10 Passengers Taken to Hospital After Fumes Enter Plane Before Takeoff

10 Passengers Taken to Hospital After Fumes Enter Plane Before Takeoff

By The Canadian Press

Air Transat
An Air Transat Airbus A330 lands at Montreal’s Trudeau Airport, Sunday, July 31, 2016. (THE CANADIAN PRESS/Graham Hughes)

QUEBEC — A Florida-bound flight minutes from takeoff had to be evacuated Thursday and 10 passengers were taken to hospital after fumes from de-icing seeped into the cabin.

Air Transat Flight 782 destined for Fort Lauderdale, Fla. from Quebec City was at the de-icing station shortly before 11 a.m. when passengers complained of feeling faint.

Airport firefighters were called and the flight was emptied, with passengers returning to the terminal.

“When they started applying the product, it entered inside the plane,” one passenger told reporters at the airport.

Jean Lesage International Airport spokeswoman Laurianne Lapierre said 12 passengers were affected. Initial reports were that five people had been taken to hospital by ambulance suffering from symptoms such as vomiting, dizziness and sore eyes.

But a spokesman for the CHU de Quebec, which oversees five hospitals in the capital region, said later that 10 people from the flight were treated at several local hospitals. Bryan Gelinas, the spokesman, said there were “no serious cases,” but he declined to provide additional details on their condition.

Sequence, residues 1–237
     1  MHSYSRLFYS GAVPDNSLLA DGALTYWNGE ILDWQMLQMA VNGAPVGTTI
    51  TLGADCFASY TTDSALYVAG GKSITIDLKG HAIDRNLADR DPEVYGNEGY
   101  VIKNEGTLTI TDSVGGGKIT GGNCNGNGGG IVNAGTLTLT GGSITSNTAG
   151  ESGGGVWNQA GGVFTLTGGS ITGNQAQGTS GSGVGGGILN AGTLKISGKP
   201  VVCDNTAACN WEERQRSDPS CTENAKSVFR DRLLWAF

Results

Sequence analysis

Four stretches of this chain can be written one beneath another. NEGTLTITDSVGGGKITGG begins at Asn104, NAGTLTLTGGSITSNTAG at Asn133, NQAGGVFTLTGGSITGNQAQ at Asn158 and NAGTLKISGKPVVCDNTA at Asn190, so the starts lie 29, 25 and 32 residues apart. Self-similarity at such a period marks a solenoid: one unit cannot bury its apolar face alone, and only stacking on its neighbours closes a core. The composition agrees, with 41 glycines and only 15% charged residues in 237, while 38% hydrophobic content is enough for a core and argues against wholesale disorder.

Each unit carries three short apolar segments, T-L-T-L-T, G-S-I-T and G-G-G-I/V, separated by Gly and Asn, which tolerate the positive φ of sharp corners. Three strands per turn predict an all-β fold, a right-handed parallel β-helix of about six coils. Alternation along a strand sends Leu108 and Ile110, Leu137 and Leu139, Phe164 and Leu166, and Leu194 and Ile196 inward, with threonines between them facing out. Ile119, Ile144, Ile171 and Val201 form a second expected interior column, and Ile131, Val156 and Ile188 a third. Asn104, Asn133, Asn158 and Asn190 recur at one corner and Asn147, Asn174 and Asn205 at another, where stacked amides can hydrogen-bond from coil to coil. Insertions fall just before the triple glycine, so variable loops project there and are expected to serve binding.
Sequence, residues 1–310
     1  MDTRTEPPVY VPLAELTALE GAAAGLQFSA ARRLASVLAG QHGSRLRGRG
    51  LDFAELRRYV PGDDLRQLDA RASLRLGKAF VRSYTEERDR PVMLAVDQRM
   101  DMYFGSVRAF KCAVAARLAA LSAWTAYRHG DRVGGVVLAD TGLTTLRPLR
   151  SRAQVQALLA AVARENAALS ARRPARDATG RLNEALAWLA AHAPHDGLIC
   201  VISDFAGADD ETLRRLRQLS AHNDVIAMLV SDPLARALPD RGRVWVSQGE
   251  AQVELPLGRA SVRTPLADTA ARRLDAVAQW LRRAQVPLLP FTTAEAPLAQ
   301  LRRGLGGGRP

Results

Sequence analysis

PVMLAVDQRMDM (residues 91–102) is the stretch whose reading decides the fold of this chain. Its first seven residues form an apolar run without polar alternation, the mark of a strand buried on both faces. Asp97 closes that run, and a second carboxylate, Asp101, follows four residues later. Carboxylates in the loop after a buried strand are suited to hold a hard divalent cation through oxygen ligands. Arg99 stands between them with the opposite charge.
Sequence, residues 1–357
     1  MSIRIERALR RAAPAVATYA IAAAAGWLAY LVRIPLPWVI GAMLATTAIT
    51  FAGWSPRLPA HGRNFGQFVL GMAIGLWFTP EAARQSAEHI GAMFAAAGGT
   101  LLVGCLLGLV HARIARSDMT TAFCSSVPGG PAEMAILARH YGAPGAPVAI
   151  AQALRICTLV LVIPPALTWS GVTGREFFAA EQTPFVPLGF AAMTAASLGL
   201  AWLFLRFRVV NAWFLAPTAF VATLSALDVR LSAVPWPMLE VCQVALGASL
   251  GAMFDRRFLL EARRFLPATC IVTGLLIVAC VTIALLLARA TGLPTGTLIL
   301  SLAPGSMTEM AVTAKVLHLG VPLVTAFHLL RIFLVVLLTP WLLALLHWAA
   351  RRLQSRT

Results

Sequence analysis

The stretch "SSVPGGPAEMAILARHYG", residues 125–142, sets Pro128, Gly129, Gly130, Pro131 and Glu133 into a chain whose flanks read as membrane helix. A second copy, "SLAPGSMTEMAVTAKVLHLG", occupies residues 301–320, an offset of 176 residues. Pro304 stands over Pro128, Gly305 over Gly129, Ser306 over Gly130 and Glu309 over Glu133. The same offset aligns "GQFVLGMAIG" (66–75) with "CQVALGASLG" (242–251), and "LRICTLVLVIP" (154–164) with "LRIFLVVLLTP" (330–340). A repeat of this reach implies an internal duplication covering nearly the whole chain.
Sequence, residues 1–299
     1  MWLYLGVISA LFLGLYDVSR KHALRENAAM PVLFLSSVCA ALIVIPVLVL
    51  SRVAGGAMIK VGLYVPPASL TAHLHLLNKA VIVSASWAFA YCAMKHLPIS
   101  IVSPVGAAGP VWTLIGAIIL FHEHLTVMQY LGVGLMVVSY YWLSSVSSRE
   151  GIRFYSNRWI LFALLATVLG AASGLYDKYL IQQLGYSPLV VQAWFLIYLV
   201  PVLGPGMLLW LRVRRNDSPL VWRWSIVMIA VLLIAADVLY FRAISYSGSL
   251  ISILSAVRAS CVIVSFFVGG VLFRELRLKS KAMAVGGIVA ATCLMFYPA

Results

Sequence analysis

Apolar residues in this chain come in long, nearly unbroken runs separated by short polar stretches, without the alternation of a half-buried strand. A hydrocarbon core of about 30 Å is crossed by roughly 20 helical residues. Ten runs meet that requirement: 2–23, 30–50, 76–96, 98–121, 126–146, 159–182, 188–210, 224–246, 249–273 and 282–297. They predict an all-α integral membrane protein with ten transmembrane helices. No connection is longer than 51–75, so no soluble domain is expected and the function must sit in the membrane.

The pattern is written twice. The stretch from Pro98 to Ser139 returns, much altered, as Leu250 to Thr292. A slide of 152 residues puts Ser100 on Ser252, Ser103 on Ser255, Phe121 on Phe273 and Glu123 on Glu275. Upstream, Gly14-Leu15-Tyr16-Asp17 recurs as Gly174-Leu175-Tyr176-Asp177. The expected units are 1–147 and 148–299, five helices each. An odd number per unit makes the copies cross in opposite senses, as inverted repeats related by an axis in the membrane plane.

“For the moment, we are talking about a problem with the ventilation system during the de-icing of the aircraft,” Lapierre said. “The airline is leading its own investigation to determine the source of the problem.” She said preliminary readings by airport firefighters after the evacuation found the cabin air to be safe.

In an emailed statement, an Air Transat spokeswoman said the flight crew acted diligently after some passengers “were inconvenienced” by fumes from de-icing that inadvertently entered the plane’s ventilation system.

“As soon as the flight crew became aware of the situation, the captain ordered all passengers off the plane while co-ordinating the deplaning with the local airport authorities,” Debbie Cabana said. She added: “We sincerely apologize for any inconvenience caused by this issue.”

Some passengers who spoke to media said the crew did not appear to immediately appreciate the seriousness of the situation. One man said the initial instructions were for passengers to gather all their belongings because there was a gas inside the plane. “Finally, they told us to speed up a bit because they realized it was poisoning everyone,” he said.

The aircraft was carrying 185 passengers. According to Air Transat’s website, it was a Boeing 737. Originally scheduled to depart at 7:05 a.m., it was already nearly four hours late when the incident occurred.

Lapierre said the airline was sending another aircraft from Toronto to transport passengers to Florida. They were scheduled to depart Quebec City Thursday evening. She was uncertain whether the hospitalized passengers would be able to make the delayed flight.

“We obviously hope they can leave for Florida rapidly,” she said.

CP - The Canadian Press

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